New Czech research ministry sought to achieve ambitious goals
While Czech politics is often in flux, the ministries that the political parties fight to win control over show a surprising consistency. There have been few newcomer ministries over the last decades. Now, however, the deputy prime minister in charge of science, research and innovation, Pavel Bělobrádek, is pushing for the creation of a new research and development ministry which will better be able to fulfill the government’s targets for more dynamic and effective research and innovation.
Cash for research and development has also increased with total Czech spending on R&D running at 1.8 percent of Gross Domestic Product last year. That is around twice the levels of a decade ago and the highest proportion in Central and Eastern Europe.
The ambitions were recently highlighted by the appointment of the country’s first research and development ambassador. The country chosen, Israel, is often cited as a role model for what the Czech Republic could be doing if R&D was being promoted properly and being a real motor for economic growth on its own rather than just a bit player.
But the Christian Democrat leader tasked over the last 18 months with spearheading the country’s research and development goals, Pavel Bělobrádek, says the current organization is not delivering the right results. There are too many uncoordinated research actors, such as the universities and academy of science, and the system is unclear and complicated with research bodies often having to report to several ministries with their results and requests. Bělobrádek, whose staff work out of the main government offices, originally believed that a new research and development office might fit the bill. Now, though, the thinking has moved on to the creation of a full blown ministry. He explained to Czech Television the context for that decision:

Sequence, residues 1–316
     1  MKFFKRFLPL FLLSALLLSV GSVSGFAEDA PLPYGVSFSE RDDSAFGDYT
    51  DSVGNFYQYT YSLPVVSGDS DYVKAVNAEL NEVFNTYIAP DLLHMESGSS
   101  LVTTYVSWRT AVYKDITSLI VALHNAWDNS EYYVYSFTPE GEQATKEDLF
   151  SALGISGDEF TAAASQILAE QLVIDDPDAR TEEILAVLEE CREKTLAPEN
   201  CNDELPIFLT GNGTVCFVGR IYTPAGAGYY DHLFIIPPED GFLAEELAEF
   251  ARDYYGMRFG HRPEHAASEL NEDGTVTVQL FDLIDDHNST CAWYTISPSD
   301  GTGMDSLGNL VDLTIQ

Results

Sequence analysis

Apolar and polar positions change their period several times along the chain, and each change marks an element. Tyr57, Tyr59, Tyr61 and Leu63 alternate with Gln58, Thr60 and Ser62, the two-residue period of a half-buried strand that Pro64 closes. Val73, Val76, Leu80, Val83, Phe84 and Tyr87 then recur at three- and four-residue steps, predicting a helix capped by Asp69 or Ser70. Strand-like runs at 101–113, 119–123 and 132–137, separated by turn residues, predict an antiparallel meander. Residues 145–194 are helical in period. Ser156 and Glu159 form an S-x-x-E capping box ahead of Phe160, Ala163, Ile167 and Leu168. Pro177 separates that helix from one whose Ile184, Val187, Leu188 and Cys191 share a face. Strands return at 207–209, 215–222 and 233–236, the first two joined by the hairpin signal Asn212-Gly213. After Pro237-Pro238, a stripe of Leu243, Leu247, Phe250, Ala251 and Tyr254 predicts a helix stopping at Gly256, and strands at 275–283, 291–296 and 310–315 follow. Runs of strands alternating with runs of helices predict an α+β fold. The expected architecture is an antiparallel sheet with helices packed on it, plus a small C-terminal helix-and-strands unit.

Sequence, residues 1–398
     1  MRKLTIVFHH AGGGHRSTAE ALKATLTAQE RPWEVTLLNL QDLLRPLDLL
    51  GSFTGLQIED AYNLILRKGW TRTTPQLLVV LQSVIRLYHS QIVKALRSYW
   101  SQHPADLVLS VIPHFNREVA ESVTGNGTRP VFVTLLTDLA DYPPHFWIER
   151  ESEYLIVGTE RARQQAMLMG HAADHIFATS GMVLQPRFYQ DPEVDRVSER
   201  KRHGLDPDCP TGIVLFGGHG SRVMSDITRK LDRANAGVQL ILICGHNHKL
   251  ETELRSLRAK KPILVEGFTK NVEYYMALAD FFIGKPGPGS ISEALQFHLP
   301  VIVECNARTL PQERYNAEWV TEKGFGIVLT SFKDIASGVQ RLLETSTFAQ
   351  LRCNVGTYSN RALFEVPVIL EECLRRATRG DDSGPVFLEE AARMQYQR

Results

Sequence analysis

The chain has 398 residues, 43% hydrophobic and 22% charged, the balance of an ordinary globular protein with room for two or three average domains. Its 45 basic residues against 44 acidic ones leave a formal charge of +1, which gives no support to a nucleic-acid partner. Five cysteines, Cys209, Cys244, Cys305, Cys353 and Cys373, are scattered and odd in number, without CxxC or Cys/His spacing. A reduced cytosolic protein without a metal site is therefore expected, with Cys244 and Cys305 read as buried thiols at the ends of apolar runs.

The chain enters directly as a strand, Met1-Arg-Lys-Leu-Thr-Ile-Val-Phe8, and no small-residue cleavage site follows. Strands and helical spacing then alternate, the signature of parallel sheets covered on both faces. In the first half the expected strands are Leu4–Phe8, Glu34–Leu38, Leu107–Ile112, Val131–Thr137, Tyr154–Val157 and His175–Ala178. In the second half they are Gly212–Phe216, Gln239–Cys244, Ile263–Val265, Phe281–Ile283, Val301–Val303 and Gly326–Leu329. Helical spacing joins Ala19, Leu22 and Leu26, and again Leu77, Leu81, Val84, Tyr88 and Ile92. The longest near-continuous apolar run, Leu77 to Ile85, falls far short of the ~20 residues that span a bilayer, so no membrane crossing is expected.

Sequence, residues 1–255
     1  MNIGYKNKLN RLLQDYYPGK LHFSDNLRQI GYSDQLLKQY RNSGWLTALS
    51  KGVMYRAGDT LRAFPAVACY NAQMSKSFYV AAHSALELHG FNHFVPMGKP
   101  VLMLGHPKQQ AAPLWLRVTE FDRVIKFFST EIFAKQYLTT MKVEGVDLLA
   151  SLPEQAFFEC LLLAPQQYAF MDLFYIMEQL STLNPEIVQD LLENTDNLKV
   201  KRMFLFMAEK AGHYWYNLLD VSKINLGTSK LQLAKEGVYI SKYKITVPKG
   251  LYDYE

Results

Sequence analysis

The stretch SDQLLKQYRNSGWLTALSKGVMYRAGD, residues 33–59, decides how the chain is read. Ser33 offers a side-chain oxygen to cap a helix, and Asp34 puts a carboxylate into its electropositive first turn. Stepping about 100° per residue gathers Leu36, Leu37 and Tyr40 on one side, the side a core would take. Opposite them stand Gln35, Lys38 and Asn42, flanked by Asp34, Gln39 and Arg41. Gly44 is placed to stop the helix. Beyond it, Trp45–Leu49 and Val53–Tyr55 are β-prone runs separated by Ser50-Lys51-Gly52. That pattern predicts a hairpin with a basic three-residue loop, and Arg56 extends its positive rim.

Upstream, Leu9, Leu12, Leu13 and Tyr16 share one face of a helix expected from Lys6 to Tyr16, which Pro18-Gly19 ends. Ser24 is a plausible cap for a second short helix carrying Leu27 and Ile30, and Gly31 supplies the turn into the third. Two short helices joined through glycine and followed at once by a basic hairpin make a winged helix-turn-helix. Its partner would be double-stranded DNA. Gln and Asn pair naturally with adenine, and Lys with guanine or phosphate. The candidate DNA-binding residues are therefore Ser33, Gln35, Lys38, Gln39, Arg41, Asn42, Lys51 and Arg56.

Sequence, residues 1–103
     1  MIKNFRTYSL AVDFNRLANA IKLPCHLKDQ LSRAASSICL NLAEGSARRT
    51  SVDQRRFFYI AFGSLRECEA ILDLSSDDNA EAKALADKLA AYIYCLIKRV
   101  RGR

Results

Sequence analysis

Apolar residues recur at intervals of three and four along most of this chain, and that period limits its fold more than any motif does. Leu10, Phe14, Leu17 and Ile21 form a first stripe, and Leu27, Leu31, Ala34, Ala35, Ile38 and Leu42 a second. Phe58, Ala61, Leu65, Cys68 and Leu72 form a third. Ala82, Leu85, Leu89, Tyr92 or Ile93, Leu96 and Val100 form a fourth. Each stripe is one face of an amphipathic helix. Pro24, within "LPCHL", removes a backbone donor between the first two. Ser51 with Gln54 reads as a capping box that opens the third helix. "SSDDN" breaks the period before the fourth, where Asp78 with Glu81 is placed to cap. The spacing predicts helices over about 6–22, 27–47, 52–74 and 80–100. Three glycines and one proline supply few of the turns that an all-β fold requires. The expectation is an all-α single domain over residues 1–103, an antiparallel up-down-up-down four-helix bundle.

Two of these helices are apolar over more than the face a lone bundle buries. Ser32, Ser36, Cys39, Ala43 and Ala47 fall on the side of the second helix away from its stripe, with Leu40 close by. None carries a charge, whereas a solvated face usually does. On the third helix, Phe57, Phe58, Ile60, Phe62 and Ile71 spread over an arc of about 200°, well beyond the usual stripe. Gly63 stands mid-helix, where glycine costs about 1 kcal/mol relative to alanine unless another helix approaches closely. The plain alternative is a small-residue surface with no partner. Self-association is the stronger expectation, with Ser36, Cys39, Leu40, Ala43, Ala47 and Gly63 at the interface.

The last new ministry created was back in 2003 when the Ministry of Informatics was born. It had a relatively short life and was dissolved four years later with its competences shared out between three other ministries and many of its goals unachieved.
Pavel Bělobrádek says he is now searching for a wide ranging consensus that a new research and development ministry is the best way forward so that the new creation will not end up as a one term wonder. So far, the response seems to be favourable with some of the leading opposition parties also backing the idea. The proposal for a new ministry could go to the government in the Autumn and it could be up and running at the earliest by the start of 2017.